Table 3.
 
Summary of Phase III Clinical Trials Using Anti-VEGF Agents for Myopic Choroidal Neovascularization
Table 3.
 
Summary of Phase III Clinical Trials Using Anti-VEGF Agents for Myopic Choroidal Neovascularization
Macular Atrophy (Category 4)
Macular atrophy is a well-demarcated, grayish-white or whitish, atrophic lesion centered on the fovea. The imaging features are similar to those of patchy chorioretinal atrophy. The main difference between patchy atrophy and macular atrophy is its location relative to the central fovea. Based on the long-term follow-up observation, it is suggested that macular atrophy could be subclassified into MNV-related macular atrophy and patchy atrophy-related macular atrophy. MNV-related macular atrophy develops centered in the central fovea and enlarges toward the periphery, and patchy atrophy-related macular atrophy develops outside of the foveal area and enlarging, or coalescing with other patchy atrophies, into the foveal center.77 The differentiation is mainly based on its morphologic features or is assisted by the history of MNV. The majority of macular atrophy is an atrophic stage of MNV, with a very few percentages related to secondary foveal involvement by enlargement of patchy atrophy. 
During an 18-year follow-up, loss of best-corrected visual acuity was associated with the development of MNV, MNV-related macular atrophy, and enlargement of MNV-related macular atrophy.77 At the last visit, most of eyes with a best-corrected visual acuity of less than 0.1 (20/200) had macular atrophy. 
Lacquer Cracks (Plus Lesion)
Lacquer cracks can be detected as fine, irregular, yellow lines in and around the macula. They are considered to represent healed and mechanical breaks of the RPE, Bruch's membrane, and the choriocapillaris complex.67,68 Multiple lacquer cracks can often be seen in branching and crisscrossing patterns. The prevalence of lacquer cracks ranged from 4.2% to 15.7% in highly myopic eyes in several cohorts.27,6769,124 Lacquer cracks can develop at a relatively early age in patients with pathologic myopia. Klein and Curtin68 reported that the mean age of patients with lacquer cracks was 32 years with a range of 14 to 52 years. Previous studies also indicated that lacquer cracks occur most often in eyes with an axial length between 29.0 mm and 32.0 mm.27,6769,71,124127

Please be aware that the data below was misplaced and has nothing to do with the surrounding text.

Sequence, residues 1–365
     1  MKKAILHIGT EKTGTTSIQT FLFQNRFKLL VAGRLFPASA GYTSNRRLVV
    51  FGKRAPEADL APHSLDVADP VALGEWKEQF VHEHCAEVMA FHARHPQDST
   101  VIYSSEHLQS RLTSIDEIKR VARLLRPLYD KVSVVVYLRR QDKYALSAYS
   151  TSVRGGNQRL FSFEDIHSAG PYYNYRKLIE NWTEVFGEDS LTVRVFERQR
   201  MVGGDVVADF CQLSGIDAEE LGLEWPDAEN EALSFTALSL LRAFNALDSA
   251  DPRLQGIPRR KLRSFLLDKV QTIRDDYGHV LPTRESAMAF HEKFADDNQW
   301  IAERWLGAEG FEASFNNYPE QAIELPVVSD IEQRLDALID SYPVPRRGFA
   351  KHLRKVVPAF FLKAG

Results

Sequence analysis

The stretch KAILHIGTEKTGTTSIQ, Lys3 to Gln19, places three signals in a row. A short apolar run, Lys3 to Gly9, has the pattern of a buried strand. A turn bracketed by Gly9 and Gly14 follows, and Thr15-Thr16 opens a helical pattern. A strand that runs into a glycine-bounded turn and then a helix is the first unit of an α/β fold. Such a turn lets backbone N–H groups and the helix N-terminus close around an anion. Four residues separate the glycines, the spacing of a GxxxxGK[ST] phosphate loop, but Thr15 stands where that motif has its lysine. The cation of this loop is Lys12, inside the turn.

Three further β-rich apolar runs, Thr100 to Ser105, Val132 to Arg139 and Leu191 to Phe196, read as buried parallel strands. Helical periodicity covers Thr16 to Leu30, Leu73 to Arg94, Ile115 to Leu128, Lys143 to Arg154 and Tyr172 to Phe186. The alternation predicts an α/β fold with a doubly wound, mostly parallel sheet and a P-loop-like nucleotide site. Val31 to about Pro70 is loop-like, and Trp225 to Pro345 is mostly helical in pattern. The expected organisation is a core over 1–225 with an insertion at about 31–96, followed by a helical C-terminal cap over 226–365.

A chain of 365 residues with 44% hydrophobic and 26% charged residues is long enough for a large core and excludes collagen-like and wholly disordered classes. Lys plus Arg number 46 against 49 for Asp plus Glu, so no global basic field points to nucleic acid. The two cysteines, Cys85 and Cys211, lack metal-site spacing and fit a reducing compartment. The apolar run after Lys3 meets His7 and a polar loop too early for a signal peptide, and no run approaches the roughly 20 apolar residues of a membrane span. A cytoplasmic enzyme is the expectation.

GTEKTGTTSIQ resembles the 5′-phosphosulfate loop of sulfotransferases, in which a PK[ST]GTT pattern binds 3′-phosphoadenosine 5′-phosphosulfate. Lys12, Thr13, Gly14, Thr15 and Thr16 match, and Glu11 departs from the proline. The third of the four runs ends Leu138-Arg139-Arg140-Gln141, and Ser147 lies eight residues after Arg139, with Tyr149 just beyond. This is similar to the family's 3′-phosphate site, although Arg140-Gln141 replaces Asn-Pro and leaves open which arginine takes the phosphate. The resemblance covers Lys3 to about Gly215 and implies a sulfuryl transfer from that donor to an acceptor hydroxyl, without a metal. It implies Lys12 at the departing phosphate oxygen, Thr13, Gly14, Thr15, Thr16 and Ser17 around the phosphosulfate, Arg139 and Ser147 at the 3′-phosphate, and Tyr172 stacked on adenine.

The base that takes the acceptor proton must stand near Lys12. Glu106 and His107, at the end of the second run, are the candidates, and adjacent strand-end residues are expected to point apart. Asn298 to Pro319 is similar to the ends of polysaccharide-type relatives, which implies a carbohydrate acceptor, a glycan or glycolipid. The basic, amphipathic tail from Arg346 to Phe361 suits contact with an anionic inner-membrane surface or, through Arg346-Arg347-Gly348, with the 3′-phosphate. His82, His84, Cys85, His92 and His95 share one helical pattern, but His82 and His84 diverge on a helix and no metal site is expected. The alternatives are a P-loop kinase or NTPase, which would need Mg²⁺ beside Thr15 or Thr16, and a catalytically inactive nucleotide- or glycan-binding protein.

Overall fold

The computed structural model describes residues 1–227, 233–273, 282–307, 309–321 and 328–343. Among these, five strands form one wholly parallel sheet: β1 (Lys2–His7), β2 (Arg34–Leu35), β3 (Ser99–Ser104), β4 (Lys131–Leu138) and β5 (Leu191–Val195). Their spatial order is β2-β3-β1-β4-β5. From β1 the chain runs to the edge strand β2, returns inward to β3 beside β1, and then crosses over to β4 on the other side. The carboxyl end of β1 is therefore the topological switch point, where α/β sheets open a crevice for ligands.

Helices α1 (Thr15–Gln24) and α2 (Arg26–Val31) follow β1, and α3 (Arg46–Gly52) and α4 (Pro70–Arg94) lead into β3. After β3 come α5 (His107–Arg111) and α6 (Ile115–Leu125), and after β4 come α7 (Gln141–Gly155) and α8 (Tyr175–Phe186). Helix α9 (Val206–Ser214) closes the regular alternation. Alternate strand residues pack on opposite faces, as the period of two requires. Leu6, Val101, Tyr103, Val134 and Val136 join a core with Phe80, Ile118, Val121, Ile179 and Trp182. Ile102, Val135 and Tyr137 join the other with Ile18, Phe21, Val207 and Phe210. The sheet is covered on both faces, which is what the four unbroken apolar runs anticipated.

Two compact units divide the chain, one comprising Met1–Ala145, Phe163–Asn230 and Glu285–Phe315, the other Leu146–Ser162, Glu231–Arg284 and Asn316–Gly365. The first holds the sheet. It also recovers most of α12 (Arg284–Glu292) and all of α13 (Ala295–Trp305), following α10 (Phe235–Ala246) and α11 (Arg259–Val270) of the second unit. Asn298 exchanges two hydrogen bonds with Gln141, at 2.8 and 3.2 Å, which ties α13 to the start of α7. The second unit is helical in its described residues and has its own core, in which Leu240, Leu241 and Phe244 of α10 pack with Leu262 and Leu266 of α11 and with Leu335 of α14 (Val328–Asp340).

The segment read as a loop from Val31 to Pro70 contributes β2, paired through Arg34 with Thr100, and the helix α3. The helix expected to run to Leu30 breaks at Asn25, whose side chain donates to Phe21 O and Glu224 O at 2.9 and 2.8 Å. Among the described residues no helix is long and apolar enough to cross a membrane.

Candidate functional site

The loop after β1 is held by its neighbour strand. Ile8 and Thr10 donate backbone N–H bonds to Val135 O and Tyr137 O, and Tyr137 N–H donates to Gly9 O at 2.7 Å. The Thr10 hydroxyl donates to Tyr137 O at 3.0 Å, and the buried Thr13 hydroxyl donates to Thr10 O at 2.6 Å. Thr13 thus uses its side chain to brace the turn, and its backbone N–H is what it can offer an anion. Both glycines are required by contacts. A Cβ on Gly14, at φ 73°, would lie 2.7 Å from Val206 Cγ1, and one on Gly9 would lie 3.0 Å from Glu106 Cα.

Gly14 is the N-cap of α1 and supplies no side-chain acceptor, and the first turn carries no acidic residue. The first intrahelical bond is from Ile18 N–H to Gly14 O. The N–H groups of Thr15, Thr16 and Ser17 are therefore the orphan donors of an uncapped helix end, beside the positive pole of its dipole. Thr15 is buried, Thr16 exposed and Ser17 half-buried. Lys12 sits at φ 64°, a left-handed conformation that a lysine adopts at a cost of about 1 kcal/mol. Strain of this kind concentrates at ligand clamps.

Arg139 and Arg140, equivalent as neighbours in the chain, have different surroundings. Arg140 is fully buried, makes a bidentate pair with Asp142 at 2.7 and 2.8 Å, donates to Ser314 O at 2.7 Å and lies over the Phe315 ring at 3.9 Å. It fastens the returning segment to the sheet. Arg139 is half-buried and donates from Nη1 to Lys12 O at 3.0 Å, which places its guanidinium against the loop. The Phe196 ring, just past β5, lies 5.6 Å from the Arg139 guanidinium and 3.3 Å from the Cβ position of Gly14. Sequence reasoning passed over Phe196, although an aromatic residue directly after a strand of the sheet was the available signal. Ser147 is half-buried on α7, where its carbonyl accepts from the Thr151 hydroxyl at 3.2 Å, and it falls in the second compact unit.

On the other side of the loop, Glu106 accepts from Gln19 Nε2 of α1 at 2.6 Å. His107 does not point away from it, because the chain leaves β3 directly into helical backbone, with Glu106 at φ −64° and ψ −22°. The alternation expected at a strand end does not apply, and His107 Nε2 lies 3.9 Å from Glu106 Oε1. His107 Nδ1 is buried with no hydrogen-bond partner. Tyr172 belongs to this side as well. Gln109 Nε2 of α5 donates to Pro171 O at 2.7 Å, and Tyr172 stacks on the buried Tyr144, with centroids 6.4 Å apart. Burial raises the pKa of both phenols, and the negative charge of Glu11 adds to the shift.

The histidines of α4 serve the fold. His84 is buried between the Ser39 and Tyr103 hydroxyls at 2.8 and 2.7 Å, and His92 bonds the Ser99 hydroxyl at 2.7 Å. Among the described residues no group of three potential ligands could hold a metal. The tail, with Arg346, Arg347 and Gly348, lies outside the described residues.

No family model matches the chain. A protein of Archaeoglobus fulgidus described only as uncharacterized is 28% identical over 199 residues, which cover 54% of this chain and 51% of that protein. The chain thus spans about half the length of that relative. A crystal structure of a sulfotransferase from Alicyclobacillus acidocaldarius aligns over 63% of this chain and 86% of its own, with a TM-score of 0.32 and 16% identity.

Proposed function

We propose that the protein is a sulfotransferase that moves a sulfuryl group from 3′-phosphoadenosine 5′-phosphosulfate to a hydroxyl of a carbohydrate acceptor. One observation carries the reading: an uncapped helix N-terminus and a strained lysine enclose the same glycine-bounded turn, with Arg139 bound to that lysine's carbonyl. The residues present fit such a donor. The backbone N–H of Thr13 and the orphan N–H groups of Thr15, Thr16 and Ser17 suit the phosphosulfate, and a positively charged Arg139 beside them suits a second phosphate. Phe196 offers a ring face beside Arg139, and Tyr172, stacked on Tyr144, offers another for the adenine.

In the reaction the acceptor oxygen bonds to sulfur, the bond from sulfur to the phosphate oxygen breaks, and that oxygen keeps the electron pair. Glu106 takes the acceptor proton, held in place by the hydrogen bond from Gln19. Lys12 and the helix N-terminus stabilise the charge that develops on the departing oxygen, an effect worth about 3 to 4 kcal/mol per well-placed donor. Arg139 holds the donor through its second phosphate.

The diagnosis of lacquer cracks is made based on multimodal imaging. ICGA is considered the gold standard for lacquer crack detection, observed as linear hypofluorescence in the late phase.126 On FA, lacquer cracks show a consistent linear hyperfluorescence during the entire angiographic phase, a window defect owing to RPE atrophy overlying the defects of Bruch's membrane in the early phase and a staining of healed scar tissue filling the Bruch's membrane defect in the late phase. Fundus autofluorescence shows hypoautofluorescence, which is due to the atrophied RPE overlying the rupture. Lacquer cracks are easily overlooked on OCT because they are too narrow to detect. However, when the lesions are within the OCT scans, lacquer cracks appear as discontinuities of the RPE and increased transmission into the deeper tissue beyond the RPE.71,127 OCTA shows partial defect of choriocapillaris in the region of lacquer cracks.116 
Xu et al.71 reported that 53.7% of eyes with lacquer cracks progressed during a mean follow-up of 3.5 years. Three progression patterns were found: increase in number (43.9%), elongation (9.8%), and progression to patchy atrophy (14.6%). The most common pattern was an increase in number of lacquer cracks. New lacquer cracks tend to occur perpendicularly from the existing lacquer cracks (branching) or in parallel with the existing lacquer cracks. An elongation of an existing lacquer crack is also seen in a small percentage of eyes. Lacquer cracks increase their width and progress to patchy atrophy. In some eyes, this progression is not a uniform widening of a pre-existing lacquer cracks, but small circular areas of patchy atrophy first develop along the lines of lacquer cracks, and then these circular areas enlarge and fuse with each other. 
Although lacquer cracks are often observed in the vicinity of MNV,108 it is unusual for MNV to develop secondarily from the existing lacquer cracks. This finding suggests that the lacquer cracks that are seen as yellowish linear lesions represent healed scar tissue. When lacquer cracks are newly formed, MNV might develop through the Bruch's membrane rupture. However, once the Bruch's membrane rupture is healed with scar tissue, a secondary MNV rarely occurs. 
It is rare for lacquer cracks to develop across the central fovea itself. Thus, lacquer cracks themselves do not generally impair the central vision; however, the subretinal bleeding that develops at the onset of the rupture of Bruch's membrane could cause the impairment of central vision even after absorption of the hemorrhage (Table 2). 
Myopic MNV (Plus Sign)